Barclays to replace virtually all of its traditional bank cashiers with machines

Barclays is to scrap virtually all its traditional bank cashiers.

Instead, customers will be encouraged to use machines to pay in cash and cheques.

Familiar glass booths will gradually be ripped out of all 1,560 branches.

More than 6,500 former cashiers – armed with iPads and renamed community bankers – will give advice on things like opening new accounts.

Barclays say the move won’t result in branch closures. But it comes eight months after the bank announced it was replacing 1,700 staff with even more machines.

Workers were told of the new changes late yesterday.

Former cashiers will move up a job grade when they become “community bankers”, resulting in an average 2.8% pay rise.

New-style branches are likely to keep a small desk for those who don’t want to use machines.

Steven Cooper, Barclays’ personal banking boss, said: “This is about investing in our workforce and recognising their talents.”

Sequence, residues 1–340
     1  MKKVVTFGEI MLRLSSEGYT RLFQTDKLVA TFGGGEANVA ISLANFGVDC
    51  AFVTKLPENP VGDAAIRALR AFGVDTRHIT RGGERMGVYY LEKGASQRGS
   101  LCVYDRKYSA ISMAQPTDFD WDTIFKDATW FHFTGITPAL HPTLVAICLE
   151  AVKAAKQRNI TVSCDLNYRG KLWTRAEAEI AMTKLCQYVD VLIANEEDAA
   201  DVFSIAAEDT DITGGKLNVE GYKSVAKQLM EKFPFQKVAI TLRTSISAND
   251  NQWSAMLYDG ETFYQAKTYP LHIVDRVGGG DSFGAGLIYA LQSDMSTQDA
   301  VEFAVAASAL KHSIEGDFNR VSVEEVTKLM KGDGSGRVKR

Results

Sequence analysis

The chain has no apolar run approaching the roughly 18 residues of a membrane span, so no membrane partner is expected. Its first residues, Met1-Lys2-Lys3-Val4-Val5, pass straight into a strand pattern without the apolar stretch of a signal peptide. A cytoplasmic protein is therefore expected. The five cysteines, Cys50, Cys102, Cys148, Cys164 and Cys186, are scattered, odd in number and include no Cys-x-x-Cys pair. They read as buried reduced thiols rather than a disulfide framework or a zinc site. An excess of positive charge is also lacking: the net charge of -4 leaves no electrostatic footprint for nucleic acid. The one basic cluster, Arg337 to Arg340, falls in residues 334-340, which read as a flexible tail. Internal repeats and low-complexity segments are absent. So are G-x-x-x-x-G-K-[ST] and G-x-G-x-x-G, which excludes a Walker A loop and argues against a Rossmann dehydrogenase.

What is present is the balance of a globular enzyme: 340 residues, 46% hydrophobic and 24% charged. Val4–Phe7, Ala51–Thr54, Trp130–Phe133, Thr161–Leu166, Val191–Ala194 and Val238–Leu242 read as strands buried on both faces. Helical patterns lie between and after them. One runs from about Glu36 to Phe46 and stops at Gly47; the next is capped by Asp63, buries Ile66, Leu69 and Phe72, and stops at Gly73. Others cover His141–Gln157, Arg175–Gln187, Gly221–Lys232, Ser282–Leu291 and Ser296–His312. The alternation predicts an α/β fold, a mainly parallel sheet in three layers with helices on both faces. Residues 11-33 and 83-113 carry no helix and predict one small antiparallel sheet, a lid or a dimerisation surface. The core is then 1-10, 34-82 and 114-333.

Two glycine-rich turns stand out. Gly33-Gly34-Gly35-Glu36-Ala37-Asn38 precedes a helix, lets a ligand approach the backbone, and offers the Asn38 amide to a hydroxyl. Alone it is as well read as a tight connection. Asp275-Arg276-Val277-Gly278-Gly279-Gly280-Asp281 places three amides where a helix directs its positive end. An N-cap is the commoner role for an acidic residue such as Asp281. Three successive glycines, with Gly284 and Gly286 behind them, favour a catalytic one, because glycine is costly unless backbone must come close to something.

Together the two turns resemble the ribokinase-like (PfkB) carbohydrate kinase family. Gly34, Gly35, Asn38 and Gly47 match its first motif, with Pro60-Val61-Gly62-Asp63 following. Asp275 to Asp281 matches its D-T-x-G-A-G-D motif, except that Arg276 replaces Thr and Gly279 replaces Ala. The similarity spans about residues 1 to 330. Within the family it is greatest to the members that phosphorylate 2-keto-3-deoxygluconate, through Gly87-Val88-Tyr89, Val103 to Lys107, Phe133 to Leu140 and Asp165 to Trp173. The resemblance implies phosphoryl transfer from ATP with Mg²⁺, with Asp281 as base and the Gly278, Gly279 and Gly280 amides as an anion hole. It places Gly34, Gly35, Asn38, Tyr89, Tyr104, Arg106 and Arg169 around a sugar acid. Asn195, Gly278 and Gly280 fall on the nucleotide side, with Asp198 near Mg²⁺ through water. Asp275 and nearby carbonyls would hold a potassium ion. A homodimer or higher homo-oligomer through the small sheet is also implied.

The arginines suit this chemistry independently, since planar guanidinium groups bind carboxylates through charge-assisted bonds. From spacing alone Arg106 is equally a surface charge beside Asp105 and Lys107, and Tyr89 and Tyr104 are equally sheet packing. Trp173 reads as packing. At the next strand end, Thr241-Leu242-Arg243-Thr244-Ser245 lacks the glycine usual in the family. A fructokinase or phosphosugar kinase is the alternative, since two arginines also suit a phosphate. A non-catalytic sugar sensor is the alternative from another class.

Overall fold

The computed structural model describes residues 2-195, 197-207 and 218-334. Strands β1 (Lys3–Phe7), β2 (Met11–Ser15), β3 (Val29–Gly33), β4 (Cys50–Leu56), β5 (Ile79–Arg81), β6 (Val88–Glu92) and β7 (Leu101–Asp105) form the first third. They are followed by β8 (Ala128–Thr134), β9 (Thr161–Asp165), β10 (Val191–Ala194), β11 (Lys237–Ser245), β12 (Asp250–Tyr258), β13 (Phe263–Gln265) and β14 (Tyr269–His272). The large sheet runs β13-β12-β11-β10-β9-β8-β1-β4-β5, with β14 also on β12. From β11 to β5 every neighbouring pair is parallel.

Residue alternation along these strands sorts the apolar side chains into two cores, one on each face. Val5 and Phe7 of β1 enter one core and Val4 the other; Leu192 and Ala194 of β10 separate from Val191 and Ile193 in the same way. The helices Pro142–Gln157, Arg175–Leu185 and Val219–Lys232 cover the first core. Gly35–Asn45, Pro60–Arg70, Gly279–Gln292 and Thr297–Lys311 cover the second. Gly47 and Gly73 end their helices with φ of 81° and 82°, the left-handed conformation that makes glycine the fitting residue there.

But Charlotte Webster, of campaign group Move Your Money, said: “This appears to be yet another cynical move to save money rather than provide a better service to customers.”

Barclays already has more than 30 trial sites without main counters. The shake-up reflects the huge impact of online banking.

Barclays, which made a £5.2billion profit in 2013, was forced to deny reports earlier this year that it planned to close one in four UK branches.

But chief executive Antony Jenkins has admitted “huge swathes” of its work will be automated “reducing the risk of human error and simultaneously driving down cost”.

Banks have closed more than 1,900 branches in the past decade, reducing the UK total to an estimated 9,500.

In April, taxpayer-saved Royal Bank of Scotland sparked fears over the future of more than 230 branches.

It had pledged to hold off closing sites where it was the “last bank in town”.

But it ditched the stance with plans to axe 14 offices in that category. The move triggered concerns over another 233 areas where it’s the only bank left.

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